I quote now from Mosheim–the greatest of all Lutheran church historians. Vol., 1, pages 71 and 72: “But whoever supposes that the bishops of this golden age of the church correspond with the bishops of the following centuries must blend and confound characters that are very different, for in this century and the next, a bishop had charge of a single church, which might ordinarily be contained in a private house; nor was he its Lord, but was in reality its minister or servant. . . All the churches in those primitive times were independent bodies, or none of them subject to the jurisdiction of any other. For though the churches which were founded by the Apostles themselves frequently had the honor shown them to be consulted in doubtful cases, yet they had no judicial authority, no control, no power of giving laws. On the contrary, it is as clear as the noonday that all Christian churches had equal rights, and were in all respects on a footing of equality.”

11. Up to this period, notwithstanding much and serious persecutions, Christianity has had a marvelous growth. It has covered and even gone beyond the great Roman Empire. Almost, if not all the inhabited world has heard the gospel. And, according to some of the church historians, many of the original churches organized by the Apostles are yet intact, and yet loyal to Apostolic teachings. However, as already shown, a number of very marked and hurtful errors have crept in and gotten a permanent hold among many of the churches. Some have become very irregular.

12. Persecutions have become increasingly bitter. Near the beginning of the fourth century comes possibly the first definite government edict of persecution. The wonderful growth of Christianity has alarmed the pagan leaders of the Roman Empire. Hence Galerius, the emperor, sent out a direct edict of more savage persecution. This occurred Feb. 24, 303 A.D. Up to this time Paganism seems to have persecuted without any definite laws to that effect.

13. But this edict failed so utterly in its purpose of stopping the growth of Christianity, that this same emperor, Galerius, just eight years thereafter (A.D. 311) passed another edict recalling the first and actually granting toleration–permission to live the religion of Jesus Christ. This was probably its first favorable law.

14. By the beginning of the year A.D. 313, Christianity has won a mighty victory over paganism. A new emperor has come to the throne of the Roman Empire. He evidently recognized something of the mysterious power of this religion that continued to grow in spite of persecution. History says that this new emperor who was none other than Constantinehad a wonderful realistic vision. He saw in the skies a fiery red cross and on that cross written in fiery letters these words–“By this thou shalt conquer.” He interpreted it to mean that he should become a Christian. And that by giving up paganism and that by attaching the spiritual power of the Christian religion onto the temporal power of the Roman Empire the world could be easily conquered. Thus the Christian religion would in fact become a whole world religion, and the Roman Empire a whole world empire.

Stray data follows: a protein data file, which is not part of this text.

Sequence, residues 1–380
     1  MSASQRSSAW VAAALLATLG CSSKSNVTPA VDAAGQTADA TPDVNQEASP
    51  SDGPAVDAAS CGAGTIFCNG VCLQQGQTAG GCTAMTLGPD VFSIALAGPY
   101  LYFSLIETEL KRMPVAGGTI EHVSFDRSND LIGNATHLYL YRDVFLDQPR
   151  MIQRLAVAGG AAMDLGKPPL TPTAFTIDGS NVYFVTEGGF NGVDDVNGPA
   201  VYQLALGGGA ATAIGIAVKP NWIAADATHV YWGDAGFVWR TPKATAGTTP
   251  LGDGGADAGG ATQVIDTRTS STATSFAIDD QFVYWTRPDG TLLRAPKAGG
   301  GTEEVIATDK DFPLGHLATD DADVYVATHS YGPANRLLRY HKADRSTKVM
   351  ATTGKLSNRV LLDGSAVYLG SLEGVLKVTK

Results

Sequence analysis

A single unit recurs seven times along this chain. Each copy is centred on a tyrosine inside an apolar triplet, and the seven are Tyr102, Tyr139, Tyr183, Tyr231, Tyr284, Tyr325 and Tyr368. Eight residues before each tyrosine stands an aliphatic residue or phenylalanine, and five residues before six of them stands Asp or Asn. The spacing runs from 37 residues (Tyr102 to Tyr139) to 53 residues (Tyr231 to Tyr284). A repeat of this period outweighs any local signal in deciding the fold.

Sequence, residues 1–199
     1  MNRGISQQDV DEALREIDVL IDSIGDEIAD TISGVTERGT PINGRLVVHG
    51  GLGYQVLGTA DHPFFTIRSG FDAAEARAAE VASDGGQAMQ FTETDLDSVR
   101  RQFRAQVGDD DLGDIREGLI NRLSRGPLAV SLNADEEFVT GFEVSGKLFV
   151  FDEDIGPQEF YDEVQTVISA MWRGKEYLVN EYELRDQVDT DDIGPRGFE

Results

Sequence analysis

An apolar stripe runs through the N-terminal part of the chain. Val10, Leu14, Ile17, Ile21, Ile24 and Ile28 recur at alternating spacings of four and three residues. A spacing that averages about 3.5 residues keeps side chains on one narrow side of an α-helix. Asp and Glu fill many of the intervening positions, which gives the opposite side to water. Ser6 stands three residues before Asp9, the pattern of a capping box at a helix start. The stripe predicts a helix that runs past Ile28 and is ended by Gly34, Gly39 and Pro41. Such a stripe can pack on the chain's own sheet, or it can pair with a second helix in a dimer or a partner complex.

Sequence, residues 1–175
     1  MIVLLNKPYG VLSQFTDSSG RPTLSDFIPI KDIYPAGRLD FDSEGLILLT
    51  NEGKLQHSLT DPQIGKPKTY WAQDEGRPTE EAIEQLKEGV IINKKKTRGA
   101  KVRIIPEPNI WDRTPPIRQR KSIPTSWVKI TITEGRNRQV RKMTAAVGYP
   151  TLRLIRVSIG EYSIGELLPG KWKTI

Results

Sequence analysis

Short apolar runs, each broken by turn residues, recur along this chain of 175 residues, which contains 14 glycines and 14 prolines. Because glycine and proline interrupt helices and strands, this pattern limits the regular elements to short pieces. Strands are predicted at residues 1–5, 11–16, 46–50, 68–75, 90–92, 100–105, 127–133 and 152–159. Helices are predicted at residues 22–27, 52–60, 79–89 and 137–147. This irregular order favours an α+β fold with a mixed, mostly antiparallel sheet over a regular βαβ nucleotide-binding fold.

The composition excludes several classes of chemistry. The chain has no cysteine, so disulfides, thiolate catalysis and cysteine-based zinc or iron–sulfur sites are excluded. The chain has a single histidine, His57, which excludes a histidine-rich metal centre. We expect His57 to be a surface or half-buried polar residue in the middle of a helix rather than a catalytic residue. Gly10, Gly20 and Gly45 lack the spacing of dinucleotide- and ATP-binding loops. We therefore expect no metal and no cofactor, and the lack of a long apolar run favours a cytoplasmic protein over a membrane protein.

15. So under the leadership of Emperor Constantine there comes a truce, a courtship and a proposal of marriage. The Roman Empire through its emperor seeks a marriage with Christianity. Give us your spiritual power and we will give you of our temporal power.

16. To effectually bring about and consummate this unholy union, a council was called. In A. D. 313, a call was made for a coming together of the Christian churches or their representatives . Many but not all came. The alliance was consummated. A Hierarchy was formed. In the organization of the Hierarchy, Christ was dethroned as head of the churches and Emperor Constantine enthroned (only temporarily, however) as head of the church.

17. The Hierarchy was the definite beginning of a development which finally resulted into what is now known as the Catholic, or “universal” church. It might be said that its indefinite beginnings were near the close of the second and beginning of the third century, when the new ideas concerning bishops and preacher-church government began to take shape.

18. Let it be definitely remembered that when Constantine made his call for the council, there were very many of the Christians (Baptists) and of the churches, which declined to respond. They wanted no marriage with the state, and no centralized religious government, and no higher ecclesiastical government of any kind, than the individual church. These Christians (Baptists) nor the churches ever at that time or later, entered the hierarchy of the Catholic denomination.

And the head of the Catholic Church is honored by the rulers and governments of today. How very shameful.